‘Battle’ trophy stays put
September 14, 2009 —
The ‘V’-topped trophy
took a trip to Grand Valley this
weekend, but it didn’t seem to
want to stay for long.
During the seventh annual Battle of the Valleys, SVSU
students raised twice as much as Grand Valley, pulling in
more than $38,400 for charity. They will donate the week’s
funds to Saginaw County’s Boys & Girls Club.
Cardinals heard word of the win at halftime of the rivals’
football game at Lubbers Stadium Saturday night.
A bus of nearly 60 students went to the game, including
Emily Taylor, a creative writing and graphic design
“I had a really good time,” Taylor said. “Sure, we lost
the football game, but we took home the trophy.”
The seventh competition win broke the three-three tie
and put SVSU ahead. Even with charity fueling the contest,
school pride was at stake.
A wave of blue T-shirts surrounding the stadium provoked
worry among some Cardinals: shirt sales typically
raise the most funds.
“We were paranoid,” said Ryan Kanine, president of
SVSU’s Student Association. “We mistook their calmness
Expectations had been huge for them, though.
“The Boys & Girls Club were helping us and talking
up the Battle of the Valleys,” Kanine said. “We were afraid
of not living up to those expectations.”
Anything less than $30,000 hadn’t
even been an option, he said.
By Thursday night, SA estimated
their total at $25,000. Certain events’
totals hadn’t yet been factored in, but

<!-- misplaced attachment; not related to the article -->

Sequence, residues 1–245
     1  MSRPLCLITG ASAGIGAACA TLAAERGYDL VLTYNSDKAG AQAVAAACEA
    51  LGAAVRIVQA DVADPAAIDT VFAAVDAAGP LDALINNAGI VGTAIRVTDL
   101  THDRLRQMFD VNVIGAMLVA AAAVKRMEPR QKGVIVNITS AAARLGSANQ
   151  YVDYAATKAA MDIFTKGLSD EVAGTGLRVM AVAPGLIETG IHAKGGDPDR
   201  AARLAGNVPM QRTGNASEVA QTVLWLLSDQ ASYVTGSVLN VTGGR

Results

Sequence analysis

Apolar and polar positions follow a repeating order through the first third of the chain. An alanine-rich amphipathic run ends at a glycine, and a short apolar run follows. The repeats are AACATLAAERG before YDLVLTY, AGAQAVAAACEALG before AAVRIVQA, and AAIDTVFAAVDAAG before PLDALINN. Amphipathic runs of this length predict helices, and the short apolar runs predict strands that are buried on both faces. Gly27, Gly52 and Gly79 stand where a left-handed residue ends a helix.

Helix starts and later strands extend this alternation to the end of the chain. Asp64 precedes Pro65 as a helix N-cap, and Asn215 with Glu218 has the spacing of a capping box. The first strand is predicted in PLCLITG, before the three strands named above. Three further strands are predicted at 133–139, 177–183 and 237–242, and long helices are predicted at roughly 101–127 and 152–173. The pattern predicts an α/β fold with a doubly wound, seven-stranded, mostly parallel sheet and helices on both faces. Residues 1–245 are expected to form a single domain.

that didn’t prevent a last-day flurry of
With minutes to go before the
deadline, one SA representative offered
his left arm for money to be stapled to
it. (He earned $2.) Another tried selling
cold pizza and said buyers could throw
it at her face. (She earned no dollars.)
Two more ran around campus selling
the T-shirts they had in hand to people
they wouldn’t fit very well. (One small
girl bought an extra-large.)
“It goes to show that this is something
we care about, and we take it to
the extreme,” Kanine said.
Shelby Meadows, the student chair
at the helm of SVSU’s efforts, said she
figured the biggest problem they faced
this year was how early the competition
“It was the second week of school,
so a lot of us had just paid for books,”
she said. “That probably made it harder
for students to give.”
Becky Griffin, speaker of the House
in SA, agreed. “I think it was mostly a
competition with ourselves this year,”
she said, mentioning the spirit she
thought Grand Valley didn’t seem to
Events that usually depended on
volunteers need time for recruitment,
Meadows said, adding that certain
fundraisers’ results went on to show
Top-raising events included Tshirts,
with more than $15,000; a silent
auction, with $2,400; and students’
swipe card meal donations, with
Kanine said he was proud of SVSU’s
success, especially with the problems
this year’s Battle brought. Those,
he added, just tested their efforts.
“It’ll be exciting to see what’s in store for next year.”